36. ^ Luis Perez had previously been Bishop of Evora (1464–1468). He was transferred to Braga on 8 February 1468. He died in March 1480. [Corréa] (1830), Serie chronologica..., pp. 50-51. Eubel, II, p. 110, 149.
  37. ^ Joannes de Melo had previously been Bishop of Selves (1468–1481). He was transferred to the diocese of Braga on 5 September 1481. According to Correa, p. 51, he died in the same year as his appointment. Eubel, II, pp. 110, 237.
  38. ^ Joannes Galvano had previously been Bishop of Coimbra (1469–1482), Count of Arganil. He died on 27 July 1485. Da Cunha II (1635), pp. 258–265. [Corréa] (1830), Serie chronologica..., p. 52. Eubel, II, p. 110.
  39. ^ Jorge da Costa had been Bishop of Evora (1463-1464), and Archbishop of Lisbon (1464–1500). He was named a Cardinal by Pope Sixtus IV on 18 December 1476. He was named Archbishop of Braga, with permission to retain Lisbon, in 1486. In 1488, with the permission of King João II and the agreement of Pope Innocent VIII, he resigned the diocese of Braga in favor of his brother of the same name, Jorge da Costa. [Corréa] (1830), Serie chronologica, pp. 53-54. Eubel, II, pp. 17 no 11; 149, 259.
  40. ^ Da Costa, the younger brother, was in Rome in 1501 when he died on 30 August, in the home of his elder brother, who was also resident in Rome. [Corréa] (1830), Serie chronologica, pp. 55-56. Eubel, II, p. 110; III, p. 138, note 2.
  41. ^ Da Costa was known as the Cardinal of Alpedrinha, after his birthplace. Upon the death of his younger brother on 30 August 1501, he resumed administration the Diocese from Rome. He died on 19 September 1508, at the age of 102. Eubel, III, p. 138.
  42. ^ Didacus de Sousa studied in Salamanca and Paris, and had been in the Roman Curia, where he acquired a reputation for learning. He had been Bishop of Porto (1495-1505), and was sent to Rome by the King of Portugal to congratulate Pope Julius II on his accession in 1503. He died on 8 June 1532. [Corréa] (1830), Serie chronologica, pp. 56-59. Eubel, II, p. 218; III, p. 110.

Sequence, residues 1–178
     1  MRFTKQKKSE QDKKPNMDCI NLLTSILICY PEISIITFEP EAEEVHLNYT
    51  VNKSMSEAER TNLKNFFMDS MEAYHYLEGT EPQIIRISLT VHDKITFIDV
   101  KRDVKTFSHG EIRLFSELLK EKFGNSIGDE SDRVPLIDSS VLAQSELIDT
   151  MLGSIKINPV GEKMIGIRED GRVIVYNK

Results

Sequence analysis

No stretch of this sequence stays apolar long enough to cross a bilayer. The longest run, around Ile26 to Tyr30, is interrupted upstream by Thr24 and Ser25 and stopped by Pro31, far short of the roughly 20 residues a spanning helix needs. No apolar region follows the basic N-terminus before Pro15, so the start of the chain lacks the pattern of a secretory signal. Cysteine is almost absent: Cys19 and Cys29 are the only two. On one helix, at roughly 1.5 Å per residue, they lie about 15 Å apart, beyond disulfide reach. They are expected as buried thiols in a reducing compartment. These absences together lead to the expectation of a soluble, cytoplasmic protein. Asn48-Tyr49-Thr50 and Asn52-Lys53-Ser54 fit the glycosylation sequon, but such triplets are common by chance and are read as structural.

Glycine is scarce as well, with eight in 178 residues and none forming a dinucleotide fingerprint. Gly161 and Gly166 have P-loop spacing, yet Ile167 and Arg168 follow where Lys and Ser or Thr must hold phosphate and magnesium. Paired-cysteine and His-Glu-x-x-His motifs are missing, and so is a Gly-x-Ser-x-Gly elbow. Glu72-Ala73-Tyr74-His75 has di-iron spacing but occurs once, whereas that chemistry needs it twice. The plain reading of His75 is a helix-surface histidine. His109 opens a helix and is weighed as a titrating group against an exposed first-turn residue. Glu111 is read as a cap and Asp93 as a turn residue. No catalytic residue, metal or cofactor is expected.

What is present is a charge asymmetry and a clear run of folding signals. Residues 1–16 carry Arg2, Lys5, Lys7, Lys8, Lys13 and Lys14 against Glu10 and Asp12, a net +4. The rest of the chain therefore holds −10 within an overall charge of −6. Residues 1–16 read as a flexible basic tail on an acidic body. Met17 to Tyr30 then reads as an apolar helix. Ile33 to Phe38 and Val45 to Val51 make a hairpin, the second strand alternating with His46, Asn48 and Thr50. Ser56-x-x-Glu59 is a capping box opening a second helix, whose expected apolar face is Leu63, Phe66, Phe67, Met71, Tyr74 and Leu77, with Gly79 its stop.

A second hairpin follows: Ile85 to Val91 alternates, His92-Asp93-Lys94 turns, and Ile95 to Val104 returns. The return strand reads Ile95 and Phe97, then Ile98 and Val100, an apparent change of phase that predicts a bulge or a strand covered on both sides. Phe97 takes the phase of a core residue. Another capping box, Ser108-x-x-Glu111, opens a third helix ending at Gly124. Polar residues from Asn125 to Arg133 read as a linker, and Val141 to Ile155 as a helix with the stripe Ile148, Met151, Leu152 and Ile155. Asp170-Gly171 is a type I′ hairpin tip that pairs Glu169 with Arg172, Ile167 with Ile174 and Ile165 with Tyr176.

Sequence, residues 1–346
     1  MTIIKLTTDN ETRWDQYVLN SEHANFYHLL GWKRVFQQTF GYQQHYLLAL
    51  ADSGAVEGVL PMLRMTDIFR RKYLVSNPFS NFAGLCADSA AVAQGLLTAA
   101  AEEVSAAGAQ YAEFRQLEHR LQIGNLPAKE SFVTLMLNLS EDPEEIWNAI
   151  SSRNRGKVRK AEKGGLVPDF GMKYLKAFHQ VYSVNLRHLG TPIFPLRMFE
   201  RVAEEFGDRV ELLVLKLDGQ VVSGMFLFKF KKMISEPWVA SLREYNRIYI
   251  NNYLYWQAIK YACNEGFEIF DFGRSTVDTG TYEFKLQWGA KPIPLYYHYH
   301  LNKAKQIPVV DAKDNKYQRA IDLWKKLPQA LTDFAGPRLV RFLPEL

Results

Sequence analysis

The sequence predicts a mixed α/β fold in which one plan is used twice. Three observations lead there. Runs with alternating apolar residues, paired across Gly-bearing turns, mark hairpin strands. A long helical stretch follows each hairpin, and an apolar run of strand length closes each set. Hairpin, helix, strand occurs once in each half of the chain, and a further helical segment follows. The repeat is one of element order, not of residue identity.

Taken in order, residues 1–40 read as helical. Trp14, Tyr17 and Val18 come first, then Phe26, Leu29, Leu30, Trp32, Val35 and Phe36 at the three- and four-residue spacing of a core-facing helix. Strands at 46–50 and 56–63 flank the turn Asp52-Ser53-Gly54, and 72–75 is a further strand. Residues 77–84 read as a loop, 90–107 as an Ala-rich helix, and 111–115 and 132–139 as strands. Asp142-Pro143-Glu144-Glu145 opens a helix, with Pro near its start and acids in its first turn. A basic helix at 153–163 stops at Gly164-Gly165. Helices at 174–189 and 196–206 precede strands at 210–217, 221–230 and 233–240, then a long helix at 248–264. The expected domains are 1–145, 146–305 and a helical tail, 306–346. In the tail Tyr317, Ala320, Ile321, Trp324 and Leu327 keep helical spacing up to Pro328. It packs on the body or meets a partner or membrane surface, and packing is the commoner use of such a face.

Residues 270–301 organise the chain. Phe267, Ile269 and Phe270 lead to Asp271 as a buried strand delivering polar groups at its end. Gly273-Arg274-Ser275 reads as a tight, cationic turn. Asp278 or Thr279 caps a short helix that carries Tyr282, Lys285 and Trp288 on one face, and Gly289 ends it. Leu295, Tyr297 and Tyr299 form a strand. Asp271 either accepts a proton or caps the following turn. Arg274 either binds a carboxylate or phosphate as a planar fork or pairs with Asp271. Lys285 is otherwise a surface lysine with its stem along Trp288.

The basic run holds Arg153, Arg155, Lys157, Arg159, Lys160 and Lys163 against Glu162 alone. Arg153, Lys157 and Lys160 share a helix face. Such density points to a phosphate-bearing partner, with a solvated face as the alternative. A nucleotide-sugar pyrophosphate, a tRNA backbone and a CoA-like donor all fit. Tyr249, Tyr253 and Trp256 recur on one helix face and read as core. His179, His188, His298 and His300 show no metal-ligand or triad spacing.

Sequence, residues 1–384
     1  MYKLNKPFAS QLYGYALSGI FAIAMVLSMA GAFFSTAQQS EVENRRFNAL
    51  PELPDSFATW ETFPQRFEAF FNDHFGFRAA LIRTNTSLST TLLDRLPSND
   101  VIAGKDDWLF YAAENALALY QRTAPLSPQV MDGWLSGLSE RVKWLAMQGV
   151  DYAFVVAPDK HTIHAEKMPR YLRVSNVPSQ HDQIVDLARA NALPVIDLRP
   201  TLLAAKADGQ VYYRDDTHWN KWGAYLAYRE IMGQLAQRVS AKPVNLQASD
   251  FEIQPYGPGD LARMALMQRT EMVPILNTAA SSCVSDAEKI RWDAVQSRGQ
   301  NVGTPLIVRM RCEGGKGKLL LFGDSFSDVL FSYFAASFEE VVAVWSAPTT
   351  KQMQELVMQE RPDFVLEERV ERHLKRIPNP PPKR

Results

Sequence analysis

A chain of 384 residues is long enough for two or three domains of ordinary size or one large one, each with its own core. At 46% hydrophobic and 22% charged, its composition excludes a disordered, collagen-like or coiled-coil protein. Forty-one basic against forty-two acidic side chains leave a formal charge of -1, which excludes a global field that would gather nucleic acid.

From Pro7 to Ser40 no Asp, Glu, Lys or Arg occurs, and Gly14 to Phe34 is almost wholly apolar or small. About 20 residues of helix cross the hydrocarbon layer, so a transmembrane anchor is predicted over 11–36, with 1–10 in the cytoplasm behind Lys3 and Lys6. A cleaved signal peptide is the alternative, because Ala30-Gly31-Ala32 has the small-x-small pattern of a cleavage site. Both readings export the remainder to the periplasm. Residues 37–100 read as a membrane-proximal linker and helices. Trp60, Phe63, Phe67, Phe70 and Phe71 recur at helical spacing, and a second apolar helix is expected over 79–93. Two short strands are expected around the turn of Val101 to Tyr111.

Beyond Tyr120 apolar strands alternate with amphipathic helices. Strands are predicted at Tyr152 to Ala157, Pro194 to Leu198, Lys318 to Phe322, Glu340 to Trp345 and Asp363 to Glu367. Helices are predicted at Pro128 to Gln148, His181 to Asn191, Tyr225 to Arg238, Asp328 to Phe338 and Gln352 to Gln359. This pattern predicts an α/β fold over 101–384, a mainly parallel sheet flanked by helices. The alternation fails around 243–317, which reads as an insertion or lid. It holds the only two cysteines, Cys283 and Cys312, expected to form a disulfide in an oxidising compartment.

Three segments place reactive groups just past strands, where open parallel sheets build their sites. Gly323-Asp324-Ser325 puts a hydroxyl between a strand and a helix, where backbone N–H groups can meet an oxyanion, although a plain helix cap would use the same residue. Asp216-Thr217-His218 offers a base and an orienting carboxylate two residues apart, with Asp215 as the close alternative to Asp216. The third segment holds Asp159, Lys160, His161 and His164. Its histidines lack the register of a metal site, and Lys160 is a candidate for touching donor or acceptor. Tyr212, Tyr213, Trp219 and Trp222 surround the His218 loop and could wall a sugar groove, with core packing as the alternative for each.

43. ^ Fr. Agostinho had been Vicar General of his Order in Portugal. Gregory XIII had sent him to Germany with Apostolic authority to remedy temporal and spiritual disorder in the houses of his Order. He was nominated by King Philip II, with the recommendation of Cardinal Albert, and approved by Pope Sixtus V in Consistory on 13 June 1588. He was consecrated a bishop in Lisbon on 3 January 1589. He died in Braga on 25 November 1609. Da Cunha II (1 35), pp. 400-420. [Corréa], Serie chronologica, pp. 71-74. Eubel, III, p. 139.
  44. ^ Furtado had previously been Bishop of Guarda (1609–1616), and Bishop of Coimbra (1616–1618). He was Count of Arganil. His transfer to the diocese of Braga was approved in Consistory on 19 March 1612 by Pope Paul V. He was transferred to the diocese of Lisbon on 2 December 1626 by Pope Urban VIII. He became co-Viceroy of Portugal (1627–1630). He was the author of several books on the various dioceses over which he presided. Gauchat, IV, pp. 120, 155, 180.
  45. ^ Rodrigo da Cunha had previously been Bishop of Portalegre (1615–1619) and then Bishop of Porto (1618–1627). He was confirmed as Archbishop of Braga on 27 January 1627 by Pope Urban VIII. He was transferred to the diocese of Lisbon on 3 December 1635 by Pope Urban VIII. He died on 3 January 1643. Gauchat, pp. 120, 285, 286, 352.
  46. ^ Matos was a Spaniard, born in Madrid, and devoted to the King of Spain. He studied at Coimbra, and had previously been Bishop of Elvas. He was a leader in the plotting against John IV of Portugal, whose accession was not recognized by the Pope. He was arrested, imprisoned, and placed on trial. He confessed his crimes. He and the Grand Inquisitor weere deposed and sentenced to imprisonment for life. Matos died in prison of a fever in 1641. O Museu portuense (in Portuguese). no. 4 (15 Setembro 1838). Porto: Typographia Commercial Portuense. 1839. pp. 51–52.  Correa, Serie chronologica..., pp. 82-83.
  47. ^ Gams, p. 95, column 1.